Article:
by Zack Beauchamp
It's become fashionable recently to dump on the idea of America as a "global policeman." Chris Preble summarizes how the view is commonly understood:
That is because the Libya story will be fit into a familiar narrative, one in which the United States is portrayed as uniquely suited to be the world’s government, with the U.S. military as a global constabulary, responding to threats large and small, distant and proximate. The Libyan intervention, according to the defenders of the status quo, demonstrates that there is no alternative.
But what Libya really shows is this strawman, believed by perhaps only by a neoconservative rump, is never how thoughtful defenders of America's international obligations have understood "global policing." What the success of Obama's "leading from behind" shows is that America's ability to right global wrongs is about much more than the simple deployment of U.S. forces. It's about our friends, too.
Police forces aren't made up of one member. There's a chief, sure, but there are also detectives and uniformed officers who work with the chief. The chief guides their efforts, but each of them works on their own towards the general goal of enforcing the law.
It's better to think of the U.S. as the global police chief rather than sole policeman. We may be the strongest of our allies, but by no means do we take lead role in solving every problem. American allies work like detectives: they conduct crucial operations in support of the general task of keeping the global peace and creating a better world.
Libya demonstrates how the police chief system works. After the initial phase designed to halt Qaddafi's move into Benghazi, American forces played only a supporting role, letting NATO allies take the lead. Though our contributions (especially in terms of high-tech capabilities) were invaluable, no one would say American forces were doing most of the legwork.
That's the essence of "leading from behind:" convincing other states to shoulder some of the burden of creating a just international order. The U.S. provides limited help in areas where it has a significant advantage, but it outsources lead responsibilities to allies whenever possible. U.S. influence is exercised indirectly through bilateral contacts between states, mulitlateral organizations like NATO and the U.N., transnational networks, and "soft power" ideological and cultural means of influence. The idea is to limit U.S. involvement in order to husband the resources that America needs to lead in the first place.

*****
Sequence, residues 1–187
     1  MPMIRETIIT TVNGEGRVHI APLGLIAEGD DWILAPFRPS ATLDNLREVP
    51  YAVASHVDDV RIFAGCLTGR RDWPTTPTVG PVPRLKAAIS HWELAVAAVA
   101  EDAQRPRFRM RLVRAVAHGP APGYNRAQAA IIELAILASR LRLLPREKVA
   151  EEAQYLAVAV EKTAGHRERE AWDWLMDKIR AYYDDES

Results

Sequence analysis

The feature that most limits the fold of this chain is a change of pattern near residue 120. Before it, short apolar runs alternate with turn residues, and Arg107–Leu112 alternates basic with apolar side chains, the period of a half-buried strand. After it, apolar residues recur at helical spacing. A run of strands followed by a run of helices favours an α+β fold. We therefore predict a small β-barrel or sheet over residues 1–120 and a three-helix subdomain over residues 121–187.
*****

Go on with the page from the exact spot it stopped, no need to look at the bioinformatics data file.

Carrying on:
Ultimately, that's why neoconservative critics of Obama's "weakness" and realist critics of American "empire" both get it wrong. "Leading from behind" isn't about abandoning American leadership – it's about exercising in a manner that's not completely self-defeating. Being a global policeman doesn't mean "wars all the time everywhere!" – it means enlisting allies to help us with global governance. Yes, that occasionally means military intervention by the U.S. and/or allies when the intervention in question passes basic just war theory tests, but doesn't mean the hallmark of the international order is perpetual use of military force. And our allies aren't limited to Old Europe – the U.S. can, with skillful diplomacy, work with rising states like India, which has demonstrated its commitment to global governance through its significant contributions to U.N. peacekeeping operations.
International police work is important. Not only is it morally required for rich, powerful states, but it's good for them in the long run by limiting dangerous instability. Luckily, Americans don't have to conduct every patrol on their own.